On January 15, 2009, EPA announced a settlement with CEMEX California Cement LLC (CEMEX) with respect to the company’s Victorville, California, cement plant. The settlement resolves claims asserted in a 2007 complaint that CEMEX violated PSD when they undertook projects in 1997 and 2000. CEMEX agreed to meet an emission limit of 1.95 lb. NOx/ton of clinker at their two cement kilns. These NOx limits are among the lowest cement kiln limits in the United States. The emission control systems coupled with these emission limits will reduce NOx emissions by 1,890 tons per year, a nearly 40 percent reduction. CEMEX also agreed to emission limits for SO2 and carbon monoxide (CO) at one of their two kilns. The SO2 and CO limits are not expected to reduce emissions but will hold emissions at the already low levels. CEMEX will also pay a $2 million civil penalty. [More Information]
On January 12, 2009, EPA announced a settlement with Chemtrade Logistics, Inc., Chemtrade Refining Services, Inc. and Marslex, Inc. regarding Clean Air Act violations at eight sulfuric acid plants. The companies will spend at least $12 million on air pollution controls that are expected to eliminate more than 3,000 tons of harmful emissions annually from eight production plants at six facilities in Louisiana, Ohio, Oklahoma, Texas, and the Wind River Reservation in Wyoming. The companies will pay a $700,000 civil penalty and perform two state supplemental environmental projects. [More Information]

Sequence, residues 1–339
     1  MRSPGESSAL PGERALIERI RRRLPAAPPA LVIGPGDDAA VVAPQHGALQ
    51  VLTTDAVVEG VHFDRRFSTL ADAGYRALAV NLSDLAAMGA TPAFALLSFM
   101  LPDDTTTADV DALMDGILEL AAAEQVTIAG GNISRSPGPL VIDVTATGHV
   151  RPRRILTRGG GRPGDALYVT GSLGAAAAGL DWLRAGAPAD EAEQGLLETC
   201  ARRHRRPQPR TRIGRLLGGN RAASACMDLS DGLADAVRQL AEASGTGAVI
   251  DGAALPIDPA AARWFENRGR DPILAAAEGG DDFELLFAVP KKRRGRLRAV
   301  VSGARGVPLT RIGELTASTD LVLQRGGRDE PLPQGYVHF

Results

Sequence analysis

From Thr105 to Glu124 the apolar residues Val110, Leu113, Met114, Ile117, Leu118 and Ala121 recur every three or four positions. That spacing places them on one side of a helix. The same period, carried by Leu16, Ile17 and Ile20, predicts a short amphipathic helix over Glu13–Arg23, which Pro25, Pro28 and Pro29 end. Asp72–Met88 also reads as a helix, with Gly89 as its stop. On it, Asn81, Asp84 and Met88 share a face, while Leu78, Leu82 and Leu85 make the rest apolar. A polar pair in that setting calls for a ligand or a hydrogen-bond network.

On April 20, 2009, DuPont and Lucite International Inc. agreed to pay a $2 million civil penalty to settle Clean Air Act violations at a sulfuric acid plant in Belle, West Virginia. The companies chose on their own to shut down the sulfuric acid manufacturing unit of a larger chemical facility at the site and the settlement confirms this agreement. Under the settlement, the sulfuric acid unit is scheduled to shut down by April 1, 2010. [More Information]